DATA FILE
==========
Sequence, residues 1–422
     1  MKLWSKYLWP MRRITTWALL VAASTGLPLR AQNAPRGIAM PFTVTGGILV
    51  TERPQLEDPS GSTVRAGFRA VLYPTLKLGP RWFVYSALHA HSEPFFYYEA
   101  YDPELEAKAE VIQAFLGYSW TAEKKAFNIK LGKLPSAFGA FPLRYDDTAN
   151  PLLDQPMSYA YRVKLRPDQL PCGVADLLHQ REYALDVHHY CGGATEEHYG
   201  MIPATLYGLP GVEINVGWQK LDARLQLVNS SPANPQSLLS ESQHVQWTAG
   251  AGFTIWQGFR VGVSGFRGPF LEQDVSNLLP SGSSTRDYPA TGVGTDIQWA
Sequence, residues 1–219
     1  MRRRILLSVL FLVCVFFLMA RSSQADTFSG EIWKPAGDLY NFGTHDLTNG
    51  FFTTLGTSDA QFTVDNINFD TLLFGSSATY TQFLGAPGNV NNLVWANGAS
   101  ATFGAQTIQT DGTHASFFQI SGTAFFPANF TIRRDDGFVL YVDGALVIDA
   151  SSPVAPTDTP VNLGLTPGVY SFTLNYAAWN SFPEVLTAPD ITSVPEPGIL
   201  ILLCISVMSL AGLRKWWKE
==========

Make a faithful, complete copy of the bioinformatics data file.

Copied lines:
Sequence, residues 1–422
     1  MKLWSKYLWP MRRITTWALL VAASTGLPLR AQNAPRGIAM PFTVTGGILV
    51  TERPQLEDPS GSTVRAGFRA VLYPTLKLGP RWFVYSALHA HSEPFFYYEA
   101  YDPELEAKAE VIQAFLGYSW TAEKKAFNIK LGKLPSAFGA FPLRYDDTAN
   151  PLLDQPMSYA YRVKLRPDQL PCGVADLLHQ REYALDVHHY CGGATEEHYG
   201  MIPATLYGLP GVEINVGWQK LDARLQLVNS SPANPQSLLS ESQHVQWTAG
   251  AGFTIWQGFR VGVSGFRGPF LEQDVSNLLP SGSSTRDYPA TGVGTDIQWA
Sequence, residues 1–219
     1  MRRRILLSVL FLVCVFFLMA RSSQADTFSG EIWKPAGDLY NFGTHDLTNG
    51  FFTTLGTSDA QFTVDNINFD TLLFGSSATY TQFLGAPGNV NNLVWANGAS
   101  ATFGAQTIQT DGTHASFFQI SGTAFFPANF TIRRDDGFVL YVDGALVIDA
   151  SSPVAPTDTP VNLGLTPGVY SFTLNYAAWN SFPEVLTAPD ITSVPEPGIL
   201  ILLCISVMSL AGLRKWWKE